She would know. A few years back, Custer and fellow former educator Michael Russell developed the Gaming Concepts curriculum, which has been downloaded 400,000 times.
While there has been a lot of emphasis on getting more girls into esports and science, technology, engineering and math programs, boys also need support, Custer said.
She has seen boys struggle firsthand. With her background in alternative schools, Custer worked at the Complete High School Maize in Maize, Kan., first as an English teacher, then as an assistant principal and, finally, as principal. Her school was one of the first schools in the country to offer video games in school for credit.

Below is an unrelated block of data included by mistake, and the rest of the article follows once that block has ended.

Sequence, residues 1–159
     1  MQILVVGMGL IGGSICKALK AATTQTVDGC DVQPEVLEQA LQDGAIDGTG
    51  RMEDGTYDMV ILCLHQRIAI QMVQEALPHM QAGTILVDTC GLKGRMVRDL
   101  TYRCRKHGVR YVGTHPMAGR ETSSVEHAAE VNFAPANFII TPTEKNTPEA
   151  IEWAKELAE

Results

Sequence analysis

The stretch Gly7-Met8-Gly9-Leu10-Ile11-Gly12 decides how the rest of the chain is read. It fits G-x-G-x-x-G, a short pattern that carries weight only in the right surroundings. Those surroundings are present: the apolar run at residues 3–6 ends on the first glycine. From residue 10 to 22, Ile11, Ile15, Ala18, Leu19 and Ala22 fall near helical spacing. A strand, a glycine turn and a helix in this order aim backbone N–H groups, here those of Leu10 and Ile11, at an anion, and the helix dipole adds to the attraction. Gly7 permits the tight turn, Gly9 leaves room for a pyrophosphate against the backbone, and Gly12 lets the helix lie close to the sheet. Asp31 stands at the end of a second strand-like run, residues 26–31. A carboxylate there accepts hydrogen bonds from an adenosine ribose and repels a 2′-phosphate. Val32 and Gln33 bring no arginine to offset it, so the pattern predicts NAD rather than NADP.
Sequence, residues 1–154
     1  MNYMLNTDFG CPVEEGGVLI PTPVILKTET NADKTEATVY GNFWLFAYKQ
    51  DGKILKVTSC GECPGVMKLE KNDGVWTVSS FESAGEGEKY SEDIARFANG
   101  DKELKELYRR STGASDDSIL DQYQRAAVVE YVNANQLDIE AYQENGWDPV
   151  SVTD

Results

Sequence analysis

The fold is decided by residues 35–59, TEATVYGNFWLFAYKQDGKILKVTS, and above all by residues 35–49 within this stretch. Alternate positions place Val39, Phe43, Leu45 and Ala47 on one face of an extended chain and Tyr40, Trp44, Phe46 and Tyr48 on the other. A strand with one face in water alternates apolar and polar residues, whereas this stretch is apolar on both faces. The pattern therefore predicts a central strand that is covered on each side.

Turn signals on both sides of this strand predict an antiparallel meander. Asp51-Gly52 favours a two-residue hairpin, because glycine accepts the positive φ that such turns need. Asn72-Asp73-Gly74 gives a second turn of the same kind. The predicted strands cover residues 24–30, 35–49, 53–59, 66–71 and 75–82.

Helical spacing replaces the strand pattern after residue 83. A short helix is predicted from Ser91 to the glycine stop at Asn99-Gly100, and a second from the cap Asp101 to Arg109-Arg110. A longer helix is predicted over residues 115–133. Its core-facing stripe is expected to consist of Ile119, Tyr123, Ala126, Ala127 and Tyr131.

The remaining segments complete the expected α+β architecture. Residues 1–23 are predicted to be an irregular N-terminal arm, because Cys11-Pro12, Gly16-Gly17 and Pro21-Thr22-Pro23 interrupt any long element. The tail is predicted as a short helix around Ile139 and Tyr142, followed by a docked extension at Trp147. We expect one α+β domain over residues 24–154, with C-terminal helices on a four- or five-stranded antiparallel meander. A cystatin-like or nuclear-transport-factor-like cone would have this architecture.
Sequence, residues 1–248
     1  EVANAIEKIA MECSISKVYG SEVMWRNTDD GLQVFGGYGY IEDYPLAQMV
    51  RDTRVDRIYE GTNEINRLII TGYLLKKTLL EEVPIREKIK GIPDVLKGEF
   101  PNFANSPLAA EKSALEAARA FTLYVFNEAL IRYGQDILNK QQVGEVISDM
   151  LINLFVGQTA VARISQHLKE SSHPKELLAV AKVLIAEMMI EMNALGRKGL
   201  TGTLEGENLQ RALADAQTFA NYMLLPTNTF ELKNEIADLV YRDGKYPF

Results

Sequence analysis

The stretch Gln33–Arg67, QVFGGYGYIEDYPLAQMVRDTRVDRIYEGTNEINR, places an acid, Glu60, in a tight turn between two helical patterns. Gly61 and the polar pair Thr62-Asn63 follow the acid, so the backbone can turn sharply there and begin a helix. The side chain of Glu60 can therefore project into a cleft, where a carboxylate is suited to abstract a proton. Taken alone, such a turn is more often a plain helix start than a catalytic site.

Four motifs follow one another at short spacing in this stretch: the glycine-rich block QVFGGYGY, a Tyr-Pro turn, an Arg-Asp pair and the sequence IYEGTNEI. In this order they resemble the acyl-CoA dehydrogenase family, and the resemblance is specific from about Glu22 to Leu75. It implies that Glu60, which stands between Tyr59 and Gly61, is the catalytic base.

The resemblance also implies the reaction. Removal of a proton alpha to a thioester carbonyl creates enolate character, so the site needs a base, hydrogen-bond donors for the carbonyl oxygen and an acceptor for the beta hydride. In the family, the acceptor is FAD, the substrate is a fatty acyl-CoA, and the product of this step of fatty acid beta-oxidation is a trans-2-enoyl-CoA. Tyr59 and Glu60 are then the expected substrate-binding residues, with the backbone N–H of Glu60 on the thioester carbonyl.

“I don’t like video games,” she admitted, “But in my 24 years in education, I haven’t seen anything engage boys as much as esports.”
That’s why she is determined to share the esports message far and wide.
The Women’s Movement Exposed the Male Gender Achievement Gap
“The gender gap is wider now than in 1972 when Title IX was passed,” Custer said. “This is when girls really started to excel. And there was a focus on getting girls caught up to boys and to shorten that gender gap. It wasn't until the women’s movement that we realized that the educational system was set up to give boys a disadvantage.”
She explained that some of the skills that girls naturally excel at — responsibility, sitting still for longer periods of times and emotional maturity — were things that young boys naturally struggle with.
And the impact has been noticeable.
“There is a drop in labor force participation. We have 9 million men who are of working age who have dropped out of the labor force entirely.”
Esports could be the silver lining that some schools still don’t know about.